What it is:
An economic refugee is a person who moves to another country in search of a higher standard of living.
How it works (Example):
Let's say John Doe lives in Cyprus. The country is undergoing tremendous economic upheaval: Nothing is affordable, there are few jobs and public programs are defunct. John's wife just had another baby, and he knows that they cannottheir children if they stay in the country. Accordingly, they pack up and move to England, where John is able to get a visa and a job as a computer programmer.
Unlike political refugees, most countries do notasylum to people fleeing countries because of bad economic conditions.
Why it Matters:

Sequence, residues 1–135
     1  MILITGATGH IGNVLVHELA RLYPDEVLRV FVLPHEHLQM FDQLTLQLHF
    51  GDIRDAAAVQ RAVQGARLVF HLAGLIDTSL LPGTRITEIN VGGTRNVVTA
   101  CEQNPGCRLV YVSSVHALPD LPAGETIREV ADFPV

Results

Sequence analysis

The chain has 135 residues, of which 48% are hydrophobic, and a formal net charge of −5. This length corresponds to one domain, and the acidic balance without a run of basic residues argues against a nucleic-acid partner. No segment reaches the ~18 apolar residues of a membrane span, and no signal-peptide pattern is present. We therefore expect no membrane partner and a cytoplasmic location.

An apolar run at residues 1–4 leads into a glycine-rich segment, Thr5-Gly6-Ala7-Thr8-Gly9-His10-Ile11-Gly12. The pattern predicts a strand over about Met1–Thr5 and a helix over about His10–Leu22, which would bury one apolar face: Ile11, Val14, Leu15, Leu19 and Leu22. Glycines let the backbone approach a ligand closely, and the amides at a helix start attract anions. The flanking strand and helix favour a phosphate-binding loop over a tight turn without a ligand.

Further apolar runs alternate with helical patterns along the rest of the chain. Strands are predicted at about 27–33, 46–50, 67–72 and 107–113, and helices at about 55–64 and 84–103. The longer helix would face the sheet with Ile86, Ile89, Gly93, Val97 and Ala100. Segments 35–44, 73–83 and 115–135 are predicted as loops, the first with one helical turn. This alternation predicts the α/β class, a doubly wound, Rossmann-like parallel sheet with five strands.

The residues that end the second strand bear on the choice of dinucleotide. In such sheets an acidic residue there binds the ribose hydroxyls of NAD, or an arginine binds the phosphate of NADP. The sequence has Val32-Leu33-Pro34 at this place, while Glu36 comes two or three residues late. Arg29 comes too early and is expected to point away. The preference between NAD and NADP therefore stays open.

Economic refugees are controversial in large numbers. They often arrive in their new countries with little money and depend on taxpayer-provided public services to get started. In some cases, they work in underground economies and are paid "under the table" because they can't get legal status to work in their new countries. This can create a tax-collection problem for the new home country. Economic refugees can also be educated and talented, and so their arrival in new countries is sometimes welcomed if the new country is in need of a particular skill set or talent.